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Considering the needs of screen readers, browser spell-checking, search engines, etc. how should non-human-language text be marked up in HTML?

Should it be wrapped in a particular tag?
Is there a standard special lang attribute for the enclosing tag (eg. "")?

Note that we may wish to mark up a form input as accepting some sort of non-human-language text.

Examples of non-human-language text:

  • a short cryptographic hash
  • a large block of encrypted data
  • proprietary formal notation
  • ASCII art
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3 Answers 3

up vote 1 down vote accepted

This depends on the actual content (there is an important difference between, e.g., a hash and ASCII art) and the context (editable vs. presented content). So after choosing the appropriate element (and possibly WAI-ARIA), HTML5 offers the following options:

  • The language tag zxx (IETF BCP 47/IANA registry) can be used for "no linguistic content":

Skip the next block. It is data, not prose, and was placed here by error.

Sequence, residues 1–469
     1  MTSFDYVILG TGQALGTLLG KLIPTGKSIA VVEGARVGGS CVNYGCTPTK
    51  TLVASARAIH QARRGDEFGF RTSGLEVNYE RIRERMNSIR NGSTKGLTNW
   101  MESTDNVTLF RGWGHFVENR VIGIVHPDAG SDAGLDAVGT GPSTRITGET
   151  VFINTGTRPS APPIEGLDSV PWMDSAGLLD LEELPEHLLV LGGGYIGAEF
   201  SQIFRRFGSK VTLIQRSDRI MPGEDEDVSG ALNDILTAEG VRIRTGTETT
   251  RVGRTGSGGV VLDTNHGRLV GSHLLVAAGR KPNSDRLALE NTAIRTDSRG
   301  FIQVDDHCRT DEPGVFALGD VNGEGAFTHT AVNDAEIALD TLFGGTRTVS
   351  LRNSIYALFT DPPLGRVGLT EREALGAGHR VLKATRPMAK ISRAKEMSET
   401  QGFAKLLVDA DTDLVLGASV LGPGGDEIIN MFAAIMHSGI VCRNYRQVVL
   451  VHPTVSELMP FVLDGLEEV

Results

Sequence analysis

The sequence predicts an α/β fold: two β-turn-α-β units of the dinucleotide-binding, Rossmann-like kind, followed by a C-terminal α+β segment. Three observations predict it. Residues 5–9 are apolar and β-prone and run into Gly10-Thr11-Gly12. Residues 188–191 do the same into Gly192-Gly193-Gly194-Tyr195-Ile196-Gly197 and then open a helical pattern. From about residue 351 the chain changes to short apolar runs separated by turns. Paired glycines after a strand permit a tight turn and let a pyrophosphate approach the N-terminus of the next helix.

<span lang="zxx"><!-- … --></span>
    
  • The translate attribute (HTML5) can be used to specify that the content should not be translated:

    <span translate="no"><!-- … --></span>
    
  • The spellcheck attribute (HTML5) can be used to specify that editable content should not be checked for spelling/grammar errors:

    <textarea spellcheck="false"><!-- … --></textarea>
    
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I like to use the <code> tag for anything code-like, hash-ish (pun), or data blocks. I use the <pre> tag for displaying direct ascii output (such as screen grabs from mainframes or art).

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Definitely agree about <code>, but still curious about how I'd mark up a form input that expected non-language (eg. a textbox for ascii art) to prevent a spell-checker from complaining. Maybe it's not possible? –  Ian Mackinnon Oct 2 '10 at 23:03
    
@Ian Mackinnon - you could use a style sheet to force a monospace font to be used for a textbox and use a code converter to convert any " " into &nbsp; characters to force spaces to translate properly regardless of spacing. –  Joel Etherton Oct 2 '10 at 23:13

There's no specific recommendations for WCAG 2.0 or even in HTML5 (yet). You can probably wrap it with a <code> tag (like Joel Etherton suggested).

ASCII art is different though. WCAG recommends that you provide the user a text description and a way to skip it. See H86.

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